Not bored, but it was starting to become same-y. I love doing it, and I love putting something back in the hands of a musician. The payoff is not that I restored the unit, but rather can the musician make music with it? Does the console let them forget about the console and make music? It's great to preserve the artifact and make it a functional, playable, tunable musical instrument that's reliable. But the real payoff for me is when a musician or producer gets to do their work and they're excited about it.

The Ondioline is very expressive and has its own unique voice. Bringing those back to life is a way to bring back music that would never be heard otherwise.

Absolutely. If Wally didn't do this, this would be lost. A lot of the music that he's doing with this Ondioline orchestra has never been played live. It was all studio recordings for a film or TV show. It's a really unique situation for me. We were very careful to make sure the restorations were complete and remained as authentic as possible. There's essentially no modern work-arounds on any part of them. I didn't cheat anywhere. There's no component that wasn't a part of the original machine. There's nothing in there that isn't really what would have been shipped from the factory.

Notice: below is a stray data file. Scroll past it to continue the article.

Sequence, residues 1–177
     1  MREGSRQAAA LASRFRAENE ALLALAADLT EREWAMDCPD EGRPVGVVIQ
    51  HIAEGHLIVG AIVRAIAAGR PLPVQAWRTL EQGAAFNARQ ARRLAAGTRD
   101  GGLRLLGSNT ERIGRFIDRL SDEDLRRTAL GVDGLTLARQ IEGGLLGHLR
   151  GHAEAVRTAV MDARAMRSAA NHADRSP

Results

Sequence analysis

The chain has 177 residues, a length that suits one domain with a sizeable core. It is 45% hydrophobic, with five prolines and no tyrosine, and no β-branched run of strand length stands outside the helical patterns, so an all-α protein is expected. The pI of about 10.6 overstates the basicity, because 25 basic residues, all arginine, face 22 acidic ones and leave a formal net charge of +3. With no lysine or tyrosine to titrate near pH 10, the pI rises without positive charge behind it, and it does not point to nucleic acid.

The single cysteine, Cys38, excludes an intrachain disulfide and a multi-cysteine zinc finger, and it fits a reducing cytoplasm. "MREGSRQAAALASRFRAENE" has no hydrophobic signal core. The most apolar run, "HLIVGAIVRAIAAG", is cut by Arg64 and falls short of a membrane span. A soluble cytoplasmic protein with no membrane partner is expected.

What kind of methodology do you take with a job like that?

The whole device comes apart completely. I take lots of photographs and notes. If you look at the circuitry, the inventor, Georges Jenny, was certainly thinking outside of the box on this thing. It makes sense as a whole system; but when you break it down, it's very inventive and clever what he did. It has multiple axes of expression, and it's all simultaneous. It's a very electromechanical device.

What were some of the hardest parts of restoration?

A lot of the plastics that he used deteriorated or shrank and crumbled from age. I've done six or seven full restorations, not all the same model. It'd be depending on what materials he used and how far they'd degrade. We'd make new parts that were the exact same part, just with a current material, with plexiglass or an acrylic of some kind. All the shielded wire has to be replaced; because in the wire they used, the insulation breaks down so it's shorting out signals. Tube sockets had to be replaced. Everything basically is original, except the electronic parts that you need to make it work. Wally's an incredibly smart guy. He's really aware of what he"s asking for and that it's a bit of, "We'll have to learn as we go." Especially the first one. That was kind of cool, because it was almost a worst-case scenario. We were really in deep on the first one. Once we got that first one up and running, it was tuned and reliable, and he could do concerts and recordings with it. We then felt more confident with the other models as they'd show up.